Migrant Organizers of Tijuana Need Covid Support

                                                                   Contra Viento Y Marea, El Comedor 

Update 3: July 24, 2020
(For regular updates, find us on Facebook Or contact us via Facebook messenger: https://www.facebook.com/contravientoymareacomedor)
Email us at [email redacted] 

Greetings from Tijuana! The struggle to continue our vital work to provide free, nutritious, Central American home cooking to our Zona Norte barrio remains our main focus, in spite of the Covid-19 contingency. We are continuing to take extensive sanitary measures when serving meals, and cleaning as indicated in earlier updates. Our Covid protocols created and launched in early April are still in place. For example, all our meals are served to-go only, we give out antibacterial hand sanitizer before giving out plates, and rigorously cleaning everything. It’s paid off as we haven’t had a single volunteer show symptoms of Covid. There are however several new developments since our last Comedor Update posted on May 12th. Please feel free to contact us with questions or comments via Facebook messenger or at our email address. 


We are slowly ramping up the days we serve now since the pandemic hit and we had to scale back. Coronavirus related deaths are still surging here and that’s why we’re serving four times per week, one meal a day. That’s 400+ plates per week. We serve Mondays, Tuesdays, Wednesdays & Thursdays. The hope is to serve more days within a month or so but it depends on two things; whether we can raise more food donations or funds to purchase food and whether the pandemic doesn’t lead to another government mandated shut down. Starting in August we are serving Mondays and Wednesdays outside the free clinic Justicia en Salud (run by Refugee Health Alliance) at 1pm. We serve Tuesdays and Thursdays outside the comedor at 3pm. Check our Facebook page for updates. 

We continue to receive fresh fish donations from Sea Sabia (Ensenada, Baja California) to provide during our regular servings. Instead of delivering the 20 kilos every other week, we are receiving them weekly now and serving it usually on Mondays for the patients outside the free clinic run by Refugee Health Alliance (RHA), Justicia en Salud, near the migrant shelter Espacio Migrante. 


We are in talks with our partnerRefugee Health Alliance to increase the number of servings we are providing outside their free clinic. As mentioned, we currently serve there on Monday at 1pm. We will begin to serve two or possibly three meals per week starting August 1st at the same time. The additional day(s) we will serve there is to be determined but will be announced on our Facebook page soon. 

We’ve received a handwashing station from RHA which we place outside our space during the days we serve food that's used by folks before they receive their free meal from us. It is also there for homeless people and people who are street vendors to have regular access to sanitation during this ongoing Covid pandemic. 

It is with a heavy heart that I report we are no longer receiving the 100 tamales donated biweekly to us from the local tamaleria, La Antiguita at the beginning of July. The reason is the owner and donor, Esther Morales was critically injured and almost killed the morning she was reopening the tamaleria at the end of June. She remains in recovery and we don’t know when she’ll be able to return to work. We’ve wished her a speedy recovery. Incidentally, we’ve had to purchase more food to replace the meals she was providing for us.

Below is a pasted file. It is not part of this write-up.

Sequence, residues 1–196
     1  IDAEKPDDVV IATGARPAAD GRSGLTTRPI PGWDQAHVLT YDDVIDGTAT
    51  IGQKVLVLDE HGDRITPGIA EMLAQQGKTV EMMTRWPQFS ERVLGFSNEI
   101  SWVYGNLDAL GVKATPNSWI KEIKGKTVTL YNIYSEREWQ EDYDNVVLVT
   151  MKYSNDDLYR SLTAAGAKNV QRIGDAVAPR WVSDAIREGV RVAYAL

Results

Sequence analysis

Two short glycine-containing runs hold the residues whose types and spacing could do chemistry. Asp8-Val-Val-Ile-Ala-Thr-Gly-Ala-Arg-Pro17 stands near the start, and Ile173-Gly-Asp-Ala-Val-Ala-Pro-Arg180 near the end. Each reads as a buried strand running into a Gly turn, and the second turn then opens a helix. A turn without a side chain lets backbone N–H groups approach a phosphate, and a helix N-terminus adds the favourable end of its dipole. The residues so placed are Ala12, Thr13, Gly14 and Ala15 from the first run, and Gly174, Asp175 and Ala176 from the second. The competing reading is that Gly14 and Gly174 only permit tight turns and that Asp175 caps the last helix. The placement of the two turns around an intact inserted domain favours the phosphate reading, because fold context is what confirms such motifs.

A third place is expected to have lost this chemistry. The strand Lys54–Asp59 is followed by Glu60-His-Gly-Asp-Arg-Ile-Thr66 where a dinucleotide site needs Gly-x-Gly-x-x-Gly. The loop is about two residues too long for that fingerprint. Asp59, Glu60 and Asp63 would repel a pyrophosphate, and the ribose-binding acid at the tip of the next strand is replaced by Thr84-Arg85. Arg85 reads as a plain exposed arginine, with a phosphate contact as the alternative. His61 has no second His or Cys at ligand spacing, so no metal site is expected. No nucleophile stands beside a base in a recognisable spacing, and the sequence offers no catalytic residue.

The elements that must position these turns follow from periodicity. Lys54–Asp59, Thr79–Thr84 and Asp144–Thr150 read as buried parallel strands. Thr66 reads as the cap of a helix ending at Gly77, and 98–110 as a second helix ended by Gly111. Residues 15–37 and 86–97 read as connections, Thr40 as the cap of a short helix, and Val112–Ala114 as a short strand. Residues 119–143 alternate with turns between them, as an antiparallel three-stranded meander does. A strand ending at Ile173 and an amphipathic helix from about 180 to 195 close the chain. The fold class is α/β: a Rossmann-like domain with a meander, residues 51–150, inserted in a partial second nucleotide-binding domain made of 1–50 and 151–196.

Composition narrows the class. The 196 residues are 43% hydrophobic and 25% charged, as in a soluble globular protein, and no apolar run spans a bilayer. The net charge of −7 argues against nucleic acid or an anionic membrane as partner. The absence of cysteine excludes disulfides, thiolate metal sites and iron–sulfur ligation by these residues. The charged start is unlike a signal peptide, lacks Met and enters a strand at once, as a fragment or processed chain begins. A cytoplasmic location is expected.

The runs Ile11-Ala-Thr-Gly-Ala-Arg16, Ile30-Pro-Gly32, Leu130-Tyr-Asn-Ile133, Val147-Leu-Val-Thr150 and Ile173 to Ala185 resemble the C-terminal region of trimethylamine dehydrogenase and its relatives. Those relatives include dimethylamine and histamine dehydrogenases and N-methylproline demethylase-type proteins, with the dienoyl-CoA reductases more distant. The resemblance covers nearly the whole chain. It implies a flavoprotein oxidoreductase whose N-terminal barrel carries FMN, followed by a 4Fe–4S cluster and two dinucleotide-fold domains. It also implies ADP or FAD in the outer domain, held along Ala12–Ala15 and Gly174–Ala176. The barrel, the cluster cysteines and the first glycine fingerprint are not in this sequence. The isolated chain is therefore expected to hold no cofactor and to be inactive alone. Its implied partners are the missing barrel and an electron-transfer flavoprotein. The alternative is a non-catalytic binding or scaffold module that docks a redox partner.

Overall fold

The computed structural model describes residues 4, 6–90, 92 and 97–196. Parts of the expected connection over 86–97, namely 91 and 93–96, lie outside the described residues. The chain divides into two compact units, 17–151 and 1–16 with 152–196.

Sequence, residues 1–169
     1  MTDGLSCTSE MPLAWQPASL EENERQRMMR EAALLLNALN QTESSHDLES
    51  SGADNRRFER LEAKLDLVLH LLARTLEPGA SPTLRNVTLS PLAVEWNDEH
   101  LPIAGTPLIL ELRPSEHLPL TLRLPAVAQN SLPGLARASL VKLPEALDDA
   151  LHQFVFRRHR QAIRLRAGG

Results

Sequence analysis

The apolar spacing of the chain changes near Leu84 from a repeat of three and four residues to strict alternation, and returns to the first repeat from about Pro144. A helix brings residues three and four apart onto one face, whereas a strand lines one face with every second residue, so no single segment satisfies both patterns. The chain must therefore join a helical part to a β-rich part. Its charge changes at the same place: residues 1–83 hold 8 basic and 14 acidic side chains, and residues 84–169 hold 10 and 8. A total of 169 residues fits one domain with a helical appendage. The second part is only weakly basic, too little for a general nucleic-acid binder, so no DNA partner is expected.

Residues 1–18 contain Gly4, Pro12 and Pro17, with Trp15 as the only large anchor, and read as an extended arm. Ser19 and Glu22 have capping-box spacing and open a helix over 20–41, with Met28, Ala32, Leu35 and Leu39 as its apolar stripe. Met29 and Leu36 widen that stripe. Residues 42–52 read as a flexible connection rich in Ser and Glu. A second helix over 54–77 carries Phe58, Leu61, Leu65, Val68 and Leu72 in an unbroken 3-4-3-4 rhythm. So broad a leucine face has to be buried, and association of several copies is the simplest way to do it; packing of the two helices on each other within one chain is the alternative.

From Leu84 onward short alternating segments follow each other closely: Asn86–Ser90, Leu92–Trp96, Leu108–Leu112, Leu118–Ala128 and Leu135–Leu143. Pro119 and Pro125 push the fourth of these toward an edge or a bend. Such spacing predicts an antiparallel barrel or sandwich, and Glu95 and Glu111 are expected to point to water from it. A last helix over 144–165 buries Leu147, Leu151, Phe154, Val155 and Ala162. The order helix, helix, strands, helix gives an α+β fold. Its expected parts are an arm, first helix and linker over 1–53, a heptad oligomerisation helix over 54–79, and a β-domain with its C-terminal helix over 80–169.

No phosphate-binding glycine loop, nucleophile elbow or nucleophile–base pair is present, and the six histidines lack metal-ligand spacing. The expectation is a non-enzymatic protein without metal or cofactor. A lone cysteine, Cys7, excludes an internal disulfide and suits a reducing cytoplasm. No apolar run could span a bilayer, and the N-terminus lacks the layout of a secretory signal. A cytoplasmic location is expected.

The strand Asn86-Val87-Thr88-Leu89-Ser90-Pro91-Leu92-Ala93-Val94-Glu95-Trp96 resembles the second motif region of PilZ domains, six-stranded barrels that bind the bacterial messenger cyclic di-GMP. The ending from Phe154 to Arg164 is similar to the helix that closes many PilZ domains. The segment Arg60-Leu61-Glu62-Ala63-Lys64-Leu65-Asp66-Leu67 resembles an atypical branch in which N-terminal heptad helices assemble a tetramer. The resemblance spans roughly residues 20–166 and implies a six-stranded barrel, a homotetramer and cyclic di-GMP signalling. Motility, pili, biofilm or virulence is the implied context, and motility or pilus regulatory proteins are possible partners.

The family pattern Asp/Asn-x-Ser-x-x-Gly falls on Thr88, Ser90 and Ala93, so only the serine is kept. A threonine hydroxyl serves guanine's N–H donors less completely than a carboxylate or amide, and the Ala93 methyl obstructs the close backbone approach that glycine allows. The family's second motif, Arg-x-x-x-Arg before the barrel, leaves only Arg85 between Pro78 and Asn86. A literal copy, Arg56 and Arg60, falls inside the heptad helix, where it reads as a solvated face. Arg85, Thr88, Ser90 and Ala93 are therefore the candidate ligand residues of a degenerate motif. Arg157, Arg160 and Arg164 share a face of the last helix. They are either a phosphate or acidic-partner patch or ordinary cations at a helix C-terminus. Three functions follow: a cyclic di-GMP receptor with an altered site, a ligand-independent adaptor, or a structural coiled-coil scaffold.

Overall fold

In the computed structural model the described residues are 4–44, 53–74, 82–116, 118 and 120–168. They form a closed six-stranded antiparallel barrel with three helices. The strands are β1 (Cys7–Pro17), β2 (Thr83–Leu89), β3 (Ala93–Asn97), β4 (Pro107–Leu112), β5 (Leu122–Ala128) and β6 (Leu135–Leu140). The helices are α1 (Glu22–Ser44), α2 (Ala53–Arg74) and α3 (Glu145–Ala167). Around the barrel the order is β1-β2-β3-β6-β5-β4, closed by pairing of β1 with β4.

In lighter news, the group Friendship Not Fronteras and several migrants residing in multiple shelters are hand sewing and delivering facemasks to us to give out for free during our regular servings. At the beginning of this week, we received 600 facemasks. We send them pictures of when we give them out to be transparent. We expect to receive around that same amount of facemasks every 4-5 weeks.

The garden has gotten a lot of attention these past few weeks. We uprooted weeds and cleaned it up. We have planted more seeds of squash, tomatoes, and some cacti. Our jalapeno plant is producing a lot of peppers for us to cook with. We want to grow more of our own vegetables and herbs especially as food prices in Mexico continue to rise . 

Since we’ve been receiving significantly less clothing donations (and have to wash all the clothing before we give it out because of Covid) we are converting the donation center bodega into a computer lounge and chill area. We have three computers that were donated to us a while ago. We’re receiving guidance on how to reinstall the operating systems and plan to have them running in the coming week or so. The computers are primarily for the volunteers to be able to communicate with their families. If we receive more computers in the future, we hope to be able to let the public use them too! Although it depends on whether the covid situation is under control in Tijuana as we are currently not allowing the public inside the comedor. 
We have a new YouTube channel! Search for “ContraVientoYMarea El Comedor.” We’ve uploaded at least 5 of our past videos on there including the videos made by us, Survival Media Agency, Univision Tijuana, Tijuanapress.com, and Frontera. We plan to upload more in the near future. 
On our new YouTube channel, we are in the initial phases of creating our in-house media ninja production team. We are still planning the details but we’d like to make a call-out soon asking supporters to help us get new or used photo and video DSLR cameras to be able to create our own media. We will teach each other how to use the cameras, how to edit videos and photos, using Adobe Photoshop for example, and begin to tell our own stories and publish them on YouTube and Kolektiva. If you’d like to help with the planning or be a part of this team, please reach out. We’d love to have the support.